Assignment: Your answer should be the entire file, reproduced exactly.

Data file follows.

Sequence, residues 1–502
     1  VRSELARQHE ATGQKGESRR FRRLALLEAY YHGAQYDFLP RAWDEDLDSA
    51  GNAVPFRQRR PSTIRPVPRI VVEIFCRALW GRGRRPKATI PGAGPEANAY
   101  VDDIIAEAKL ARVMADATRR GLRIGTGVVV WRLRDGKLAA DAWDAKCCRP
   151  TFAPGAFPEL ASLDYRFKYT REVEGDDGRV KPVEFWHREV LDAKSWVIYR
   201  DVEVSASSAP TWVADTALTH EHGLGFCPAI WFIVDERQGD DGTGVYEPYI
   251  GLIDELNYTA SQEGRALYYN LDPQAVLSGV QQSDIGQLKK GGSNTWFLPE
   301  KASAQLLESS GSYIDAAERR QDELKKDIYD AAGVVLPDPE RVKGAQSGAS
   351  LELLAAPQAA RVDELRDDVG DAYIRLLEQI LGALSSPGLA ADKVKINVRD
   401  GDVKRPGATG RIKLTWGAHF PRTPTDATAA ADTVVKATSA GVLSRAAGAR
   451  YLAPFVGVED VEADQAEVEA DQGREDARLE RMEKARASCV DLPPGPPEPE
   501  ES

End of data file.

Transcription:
Sequence, residues 1–502
     1  VRSELARQHE ATGQKGESRR FRRLALLEAY YHGAQYDFLP RAWDEDLDSA
    51  GNAVPFRQRR PSTIRPVPRI VVEIFCRALW GRGRRPKATI PGAGPEANAY
   101  VDDIIAEAKL ARVMADATRR GLRIGTGVVV WRLRDGKLAA DAWDAKCCRP
   151  TFAPGAFPEL ASLDYRFKYT REVEGDDGRV KPVEFWHREV LDAKSWVIYR
   201  DVEVSASSAP TWVADTALTH EHGLGFCPAI WFIVDERQGD DGTGVYEPYI
   251  GLIDELNYTA SQEGRALYYN LDPQAVLSGV QQSDIGQLKK GGSNTWFLPE
   301  KASAQLLESS GSYIDAAERR QDELKKDIYD AAGVVLPDPE RVKGAQSGAS
   351  LELLAAPQAA RVDELRDDVG DAYIRLLEQI LGALSSPGLA ADKVKINVRD
   401  GDVKRPGATG RIKLTWGAHF PRTPTDATAA ADTVVKATSA GVLSRAAGAR
   451  YLAPFVGVED VEADQAEVEA DQGREDARLE RMEKARASCV DLPPGPPEPE
   501  ES